Although the market definitely isn’t what it was a year ago, presales of the ultra-luxury boutique condominium Barclay, deep in the heart of Vancouver’s West End, are expected to eventually entice wealthy downsizers and investors looking for something special. At 10 storeys, each large unit is designed to capitalize on the city’s verdant views, as well as the cachet of architect Richard Henriquez, who designed the building for Marcon Developments.
These units are for buyers who can afford to shell out around $4 or $5M, and with the Foreign Buyer Ban in effect, they will most likely be downsizers with substantial equity gains.
Once completed in a few years' time, the Barclay will stand apart from the other ultra-high-end towers located downtown, because it has the distinction of being adjacent to Stanley Park, overlooking the city’s famous Lost Lagoon.
Henriquez, who’s designed some of Vancouver’s most familiar landmark buildings, is the subject of a 30-minute documentary that is making the film festival rounds throughout North America and Europe, called Building Stories.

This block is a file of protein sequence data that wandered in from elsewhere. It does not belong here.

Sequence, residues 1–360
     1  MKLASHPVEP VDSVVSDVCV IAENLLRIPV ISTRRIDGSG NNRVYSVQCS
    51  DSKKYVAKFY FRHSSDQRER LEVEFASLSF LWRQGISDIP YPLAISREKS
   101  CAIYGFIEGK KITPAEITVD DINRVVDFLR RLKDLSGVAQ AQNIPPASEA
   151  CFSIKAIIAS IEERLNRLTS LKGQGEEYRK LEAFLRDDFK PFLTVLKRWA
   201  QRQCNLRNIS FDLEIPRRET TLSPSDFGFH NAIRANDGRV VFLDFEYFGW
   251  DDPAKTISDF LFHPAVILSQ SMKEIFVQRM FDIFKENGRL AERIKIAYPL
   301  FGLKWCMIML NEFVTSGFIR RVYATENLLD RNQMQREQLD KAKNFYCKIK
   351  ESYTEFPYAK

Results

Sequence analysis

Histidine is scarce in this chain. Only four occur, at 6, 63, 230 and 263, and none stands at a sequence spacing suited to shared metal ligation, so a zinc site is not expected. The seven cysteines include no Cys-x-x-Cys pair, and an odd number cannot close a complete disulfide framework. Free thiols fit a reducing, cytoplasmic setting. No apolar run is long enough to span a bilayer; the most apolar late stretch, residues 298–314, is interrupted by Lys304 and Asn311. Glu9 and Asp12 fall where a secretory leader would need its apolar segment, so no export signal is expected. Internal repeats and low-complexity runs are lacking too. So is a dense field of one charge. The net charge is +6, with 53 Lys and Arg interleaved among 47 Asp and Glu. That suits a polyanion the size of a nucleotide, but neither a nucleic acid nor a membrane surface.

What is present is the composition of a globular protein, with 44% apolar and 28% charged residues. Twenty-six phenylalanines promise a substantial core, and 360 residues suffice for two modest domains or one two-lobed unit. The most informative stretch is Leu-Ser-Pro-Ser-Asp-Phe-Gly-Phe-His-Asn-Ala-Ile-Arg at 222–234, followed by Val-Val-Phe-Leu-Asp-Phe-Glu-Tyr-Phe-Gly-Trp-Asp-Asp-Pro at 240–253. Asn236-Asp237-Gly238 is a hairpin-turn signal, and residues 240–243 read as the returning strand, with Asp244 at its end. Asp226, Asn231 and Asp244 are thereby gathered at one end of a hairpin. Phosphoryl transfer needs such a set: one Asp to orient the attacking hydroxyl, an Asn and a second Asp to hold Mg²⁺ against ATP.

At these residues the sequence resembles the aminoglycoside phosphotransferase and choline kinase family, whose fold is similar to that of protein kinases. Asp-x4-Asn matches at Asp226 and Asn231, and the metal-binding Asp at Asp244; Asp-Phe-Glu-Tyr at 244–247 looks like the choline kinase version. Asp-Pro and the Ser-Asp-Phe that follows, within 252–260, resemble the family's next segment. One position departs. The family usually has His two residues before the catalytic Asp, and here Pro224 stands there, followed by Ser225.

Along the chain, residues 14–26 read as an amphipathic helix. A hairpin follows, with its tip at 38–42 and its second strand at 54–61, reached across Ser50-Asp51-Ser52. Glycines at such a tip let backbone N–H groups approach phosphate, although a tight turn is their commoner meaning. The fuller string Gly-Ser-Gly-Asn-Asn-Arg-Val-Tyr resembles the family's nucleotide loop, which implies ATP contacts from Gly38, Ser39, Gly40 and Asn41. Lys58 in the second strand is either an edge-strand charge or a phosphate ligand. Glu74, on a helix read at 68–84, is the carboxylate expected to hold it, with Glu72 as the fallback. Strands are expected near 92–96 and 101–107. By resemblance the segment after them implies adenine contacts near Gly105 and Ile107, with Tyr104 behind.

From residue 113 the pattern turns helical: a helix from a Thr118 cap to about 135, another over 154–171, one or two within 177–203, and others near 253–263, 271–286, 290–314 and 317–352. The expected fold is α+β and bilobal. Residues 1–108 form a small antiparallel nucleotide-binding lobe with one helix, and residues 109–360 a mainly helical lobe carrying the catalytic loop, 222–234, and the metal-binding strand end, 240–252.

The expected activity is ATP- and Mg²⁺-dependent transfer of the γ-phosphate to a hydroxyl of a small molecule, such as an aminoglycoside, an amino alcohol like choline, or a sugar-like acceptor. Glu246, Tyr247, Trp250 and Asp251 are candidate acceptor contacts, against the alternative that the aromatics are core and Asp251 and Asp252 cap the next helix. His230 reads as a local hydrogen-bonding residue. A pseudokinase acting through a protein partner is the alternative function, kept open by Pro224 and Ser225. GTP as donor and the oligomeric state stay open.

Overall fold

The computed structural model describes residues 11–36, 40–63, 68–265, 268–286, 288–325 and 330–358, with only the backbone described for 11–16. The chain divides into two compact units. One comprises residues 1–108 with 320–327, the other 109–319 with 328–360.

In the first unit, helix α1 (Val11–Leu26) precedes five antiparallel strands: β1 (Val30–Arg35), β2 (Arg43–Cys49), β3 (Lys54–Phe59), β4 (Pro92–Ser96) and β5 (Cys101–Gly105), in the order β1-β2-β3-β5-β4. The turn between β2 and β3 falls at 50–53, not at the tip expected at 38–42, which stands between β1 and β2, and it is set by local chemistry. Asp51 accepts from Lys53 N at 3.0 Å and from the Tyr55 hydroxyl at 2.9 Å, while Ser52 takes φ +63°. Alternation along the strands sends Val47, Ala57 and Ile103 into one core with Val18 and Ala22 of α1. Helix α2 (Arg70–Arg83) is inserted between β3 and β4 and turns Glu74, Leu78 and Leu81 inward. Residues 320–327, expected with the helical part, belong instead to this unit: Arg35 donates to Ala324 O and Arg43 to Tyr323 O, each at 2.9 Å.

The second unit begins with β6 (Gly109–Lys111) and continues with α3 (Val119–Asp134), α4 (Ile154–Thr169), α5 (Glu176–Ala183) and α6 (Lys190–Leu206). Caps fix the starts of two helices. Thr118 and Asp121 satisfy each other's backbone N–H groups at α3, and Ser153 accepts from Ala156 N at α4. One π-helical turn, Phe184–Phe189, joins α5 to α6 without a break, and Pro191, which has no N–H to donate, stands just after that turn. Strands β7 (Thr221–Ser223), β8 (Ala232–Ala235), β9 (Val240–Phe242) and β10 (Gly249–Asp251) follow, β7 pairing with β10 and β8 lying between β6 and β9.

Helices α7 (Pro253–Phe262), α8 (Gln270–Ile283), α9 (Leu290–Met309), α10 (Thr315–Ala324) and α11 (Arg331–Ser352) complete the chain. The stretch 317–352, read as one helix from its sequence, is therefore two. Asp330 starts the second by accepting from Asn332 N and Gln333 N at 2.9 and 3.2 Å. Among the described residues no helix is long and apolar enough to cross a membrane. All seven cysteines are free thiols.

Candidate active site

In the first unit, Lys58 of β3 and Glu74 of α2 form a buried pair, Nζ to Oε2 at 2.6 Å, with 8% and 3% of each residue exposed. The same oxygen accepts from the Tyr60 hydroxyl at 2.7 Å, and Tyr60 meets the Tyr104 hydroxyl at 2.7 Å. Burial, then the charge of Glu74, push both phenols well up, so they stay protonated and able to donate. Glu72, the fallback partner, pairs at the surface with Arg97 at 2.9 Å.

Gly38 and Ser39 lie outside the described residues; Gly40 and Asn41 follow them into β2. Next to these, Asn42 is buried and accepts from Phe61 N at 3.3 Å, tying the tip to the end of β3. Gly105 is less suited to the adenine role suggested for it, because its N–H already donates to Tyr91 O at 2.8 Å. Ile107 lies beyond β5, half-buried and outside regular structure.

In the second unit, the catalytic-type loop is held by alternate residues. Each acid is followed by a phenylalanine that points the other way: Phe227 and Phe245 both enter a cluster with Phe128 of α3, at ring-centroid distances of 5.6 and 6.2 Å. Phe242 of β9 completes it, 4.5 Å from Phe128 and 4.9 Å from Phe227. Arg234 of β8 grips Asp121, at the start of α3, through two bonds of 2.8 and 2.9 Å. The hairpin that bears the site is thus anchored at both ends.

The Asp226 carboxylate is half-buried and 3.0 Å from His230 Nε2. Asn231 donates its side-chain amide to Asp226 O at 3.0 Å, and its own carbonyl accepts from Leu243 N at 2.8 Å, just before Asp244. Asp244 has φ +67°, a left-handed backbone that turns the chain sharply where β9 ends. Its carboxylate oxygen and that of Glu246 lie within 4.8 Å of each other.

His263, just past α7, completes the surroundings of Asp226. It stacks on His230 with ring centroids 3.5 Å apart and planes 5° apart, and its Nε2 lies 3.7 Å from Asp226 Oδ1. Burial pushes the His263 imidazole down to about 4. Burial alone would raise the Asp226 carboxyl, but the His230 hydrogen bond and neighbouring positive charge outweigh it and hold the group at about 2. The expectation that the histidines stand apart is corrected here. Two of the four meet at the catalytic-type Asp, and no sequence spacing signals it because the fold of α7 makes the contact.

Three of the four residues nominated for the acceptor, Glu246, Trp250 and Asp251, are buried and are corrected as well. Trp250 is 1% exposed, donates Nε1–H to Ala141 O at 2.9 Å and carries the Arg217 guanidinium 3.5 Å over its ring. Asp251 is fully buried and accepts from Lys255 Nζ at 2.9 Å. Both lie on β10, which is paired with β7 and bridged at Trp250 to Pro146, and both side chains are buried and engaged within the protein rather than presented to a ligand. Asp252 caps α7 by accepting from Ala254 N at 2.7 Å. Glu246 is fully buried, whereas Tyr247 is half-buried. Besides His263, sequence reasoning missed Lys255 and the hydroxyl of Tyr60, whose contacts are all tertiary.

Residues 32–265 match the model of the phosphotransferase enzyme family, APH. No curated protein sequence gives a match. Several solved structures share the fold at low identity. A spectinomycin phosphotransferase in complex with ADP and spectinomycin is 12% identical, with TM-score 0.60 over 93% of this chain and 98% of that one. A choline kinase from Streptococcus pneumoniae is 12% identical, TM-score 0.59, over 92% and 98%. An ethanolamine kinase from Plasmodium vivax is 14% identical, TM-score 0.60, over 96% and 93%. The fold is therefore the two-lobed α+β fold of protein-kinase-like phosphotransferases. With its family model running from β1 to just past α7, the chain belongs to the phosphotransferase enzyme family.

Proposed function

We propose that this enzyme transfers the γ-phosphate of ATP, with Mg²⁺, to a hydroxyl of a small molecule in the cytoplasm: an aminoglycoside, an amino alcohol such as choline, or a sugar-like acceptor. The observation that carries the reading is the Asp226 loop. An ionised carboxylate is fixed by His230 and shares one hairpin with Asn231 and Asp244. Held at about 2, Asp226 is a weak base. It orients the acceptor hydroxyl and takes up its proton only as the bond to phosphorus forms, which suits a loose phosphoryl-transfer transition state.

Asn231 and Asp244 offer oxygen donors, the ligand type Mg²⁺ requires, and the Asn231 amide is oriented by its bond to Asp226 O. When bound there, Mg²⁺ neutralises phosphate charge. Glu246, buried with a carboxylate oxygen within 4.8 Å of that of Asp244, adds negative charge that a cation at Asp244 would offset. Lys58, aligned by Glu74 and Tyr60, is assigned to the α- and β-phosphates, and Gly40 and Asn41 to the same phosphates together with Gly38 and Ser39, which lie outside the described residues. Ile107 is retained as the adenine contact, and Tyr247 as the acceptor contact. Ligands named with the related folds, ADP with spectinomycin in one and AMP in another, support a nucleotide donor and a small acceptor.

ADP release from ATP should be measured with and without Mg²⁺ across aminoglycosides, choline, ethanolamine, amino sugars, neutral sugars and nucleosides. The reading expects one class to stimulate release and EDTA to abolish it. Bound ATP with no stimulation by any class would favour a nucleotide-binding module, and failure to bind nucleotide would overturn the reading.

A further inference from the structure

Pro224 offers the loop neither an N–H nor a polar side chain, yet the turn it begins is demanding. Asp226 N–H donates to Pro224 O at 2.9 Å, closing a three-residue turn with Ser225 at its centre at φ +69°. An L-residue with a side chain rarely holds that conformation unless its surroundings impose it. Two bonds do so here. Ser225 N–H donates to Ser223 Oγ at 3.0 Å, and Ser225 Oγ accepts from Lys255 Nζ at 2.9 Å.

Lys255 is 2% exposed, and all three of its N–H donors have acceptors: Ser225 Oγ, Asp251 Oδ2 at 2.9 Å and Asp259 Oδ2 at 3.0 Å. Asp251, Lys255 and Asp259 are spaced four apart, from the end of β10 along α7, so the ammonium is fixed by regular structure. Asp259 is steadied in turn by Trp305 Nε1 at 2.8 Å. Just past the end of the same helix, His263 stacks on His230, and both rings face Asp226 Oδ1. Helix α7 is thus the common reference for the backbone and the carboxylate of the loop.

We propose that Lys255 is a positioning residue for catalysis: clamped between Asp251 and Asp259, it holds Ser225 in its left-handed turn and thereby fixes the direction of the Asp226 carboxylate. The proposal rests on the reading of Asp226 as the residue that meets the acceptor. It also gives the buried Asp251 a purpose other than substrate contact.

He’s designed several projects in Vancouver’s scenic West End, which had been a sea of single-family homes a century ago, before it underwent a transformation into low-rise apartments and then a few highrise towers in the 1950s, he says. He explains that the rental buildings at the time had a uniquely efficient design, small floor plates with space-saving scissor stairs where one staircase wrapped around the other, as well as inexpensive slab construction instead of formwork.
Architect Richard Henriquez
“It’s not by accident that Vancouver’s West End is the sort of icon of the city because it developed the way it did,” says Henriquez, founding principal of Henriquez Partners Architects.